And boy, do we want to believe those fictions: that they will stop drinking, gambling, hoarding, lying, or whatever it may be, because, deep down, we love them beyond comprehension. Needless to say, it’s not sustainable. It’s not healthy. So let’s strategize.
Let’s Turn the Lens on You
The dynamic you are experiencing is extremely common.
- Refrain from creating a master narrative around the behavior. Correlation is not the same as causation.
- Know that it is okay to love this person. Some of the worst husbands have made the best fathers; and vice versa. We know of parents who have financially ruined their families but never missed a baseball game. We can’t separate the light and the dark.
- But love them with your eyes open. Avoid sharing financial investments, loaning money, and falling for the same excuses over and over.
- If you want to have “the talk,” keep calm and stay on script. “This is an issue and not just with me. You do this with everybody. Why do you feel entitled to behave this way? I care about you but you are hurting me.”
- But be prepared for the denial battle. You want them to see how their behavior is harmful. You want them to own it. But the more you push, the more they may deny and turn it back on you, at which point, ask for space and walk away. No need to further engage at this time.
- Get backup. These are problems that often need multi-pronged resources and interventions, from the neighbors to the courts.
- CrisisTextLine.org is a great resource. Crisis counselors are available 24/7 to those who text them for help. Just text “home” to 741741.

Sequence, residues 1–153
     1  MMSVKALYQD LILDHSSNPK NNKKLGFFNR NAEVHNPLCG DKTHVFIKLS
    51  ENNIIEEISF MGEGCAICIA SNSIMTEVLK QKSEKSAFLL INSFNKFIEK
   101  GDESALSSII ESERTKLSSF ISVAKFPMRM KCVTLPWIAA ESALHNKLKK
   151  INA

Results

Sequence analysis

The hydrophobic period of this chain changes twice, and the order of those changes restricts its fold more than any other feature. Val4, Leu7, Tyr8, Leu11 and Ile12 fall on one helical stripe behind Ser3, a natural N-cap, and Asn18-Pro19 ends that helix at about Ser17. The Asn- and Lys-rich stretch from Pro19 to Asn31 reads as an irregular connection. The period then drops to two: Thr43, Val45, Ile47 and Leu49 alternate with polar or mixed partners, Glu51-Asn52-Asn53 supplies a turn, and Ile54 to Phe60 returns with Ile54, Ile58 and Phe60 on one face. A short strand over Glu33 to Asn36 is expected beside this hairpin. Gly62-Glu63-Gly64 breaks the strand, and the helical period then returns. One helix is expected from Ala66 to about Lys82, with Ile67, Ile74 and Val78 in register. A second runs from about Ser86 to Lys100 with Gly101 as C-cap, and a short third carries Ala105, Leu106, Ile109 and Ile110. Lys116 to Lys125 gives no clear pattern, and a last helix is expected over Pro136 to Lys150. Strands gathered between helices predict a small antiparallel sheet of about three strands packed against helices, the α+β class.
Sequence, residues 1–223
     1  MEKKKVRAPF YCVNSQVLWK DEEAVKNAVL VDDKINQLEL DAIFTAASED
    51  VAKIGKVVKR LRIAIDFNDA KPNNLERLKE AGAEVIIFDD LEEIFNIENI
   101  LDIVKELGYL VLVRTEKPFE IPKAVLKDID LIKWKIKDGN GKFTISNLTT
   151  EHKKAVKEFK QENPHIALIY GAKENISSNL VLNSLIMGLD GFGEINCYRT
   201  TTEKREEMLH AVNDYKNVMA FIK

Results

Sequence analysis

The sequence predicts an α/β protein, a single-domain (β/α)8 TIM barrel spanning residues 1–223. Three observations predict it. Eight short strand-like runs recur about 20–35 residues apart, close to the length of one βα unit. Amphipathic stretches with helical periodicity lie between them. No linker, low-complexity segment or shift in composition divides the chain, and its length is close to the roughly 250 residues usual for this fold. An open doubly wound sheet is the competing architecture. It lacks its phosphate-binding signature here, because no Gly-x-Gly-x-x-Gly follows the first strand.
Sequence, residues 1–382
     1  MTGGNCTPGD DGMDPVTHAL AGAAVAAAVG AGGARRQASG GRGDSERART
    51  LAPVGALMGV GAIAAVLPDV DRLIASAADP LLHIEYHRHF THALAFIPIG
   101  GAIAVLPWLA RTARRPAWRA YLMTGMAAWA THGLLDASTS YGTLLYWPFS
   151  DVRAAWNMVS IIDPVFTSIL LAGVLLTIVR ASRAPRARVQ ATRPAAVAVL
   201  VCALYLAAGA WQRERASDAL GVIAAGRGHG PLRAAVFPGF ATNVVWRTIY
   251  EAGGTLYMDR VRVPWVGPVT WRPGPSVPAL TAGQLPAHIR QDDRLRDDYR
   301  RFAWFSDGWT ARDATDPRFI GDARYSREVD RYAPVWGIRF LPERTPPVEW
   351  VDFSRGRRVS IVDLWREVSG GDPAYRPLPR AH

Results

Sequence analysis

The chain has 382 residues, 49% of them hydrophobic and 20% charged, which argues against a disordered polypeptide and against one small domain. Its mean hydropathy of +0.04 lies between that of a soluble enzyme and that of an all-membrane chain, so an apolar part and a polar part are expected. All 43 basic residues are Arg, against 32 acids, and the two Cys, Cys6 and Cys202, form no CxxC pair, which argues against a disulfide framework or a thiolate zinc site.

- Don’t lose hope. You’re not alone and you’re not without resources. And I’ve heard many stories of people who have pulled through their issues with the help of therapists, friends, family, treatment, good information, and/or hard work. It is possible.
More From Esther
How to Find the Right Therapist For You / A Guide
If you and/or your loved one doesn’t already have a therapist, start with my article about how to find the right one. And consider reading some of the books included at the bottom of this letter.
Where Should We Begin / Season 3
The wait is over! Season 3 of Where Should We Begin will launch on Gimlet, a Spotify company, on October 10, 2019, and all other platforms shortly thereafter. Step into my office to listen in on one-time only therapy sessions with real couples navigating the complexities of modern relationships. This season on the podcast, I will be exploring the evolution of marriage through the stories of six couples at different points in their relationships. Follow Where Should We Begin on Spotify to get automatic episode updates.
(Unsent) Love Letters / A collaboration with Boston Globe
I asked my social network to send me copies of their unsent love letters. With Boston Globe Love Letters columnist, Meredith Goldstein, I read through your notes full of love, loss, lust, regret, heartache, and gratitude, and selected five for this new series.
A compendium of highly recommended sources of inspiration and information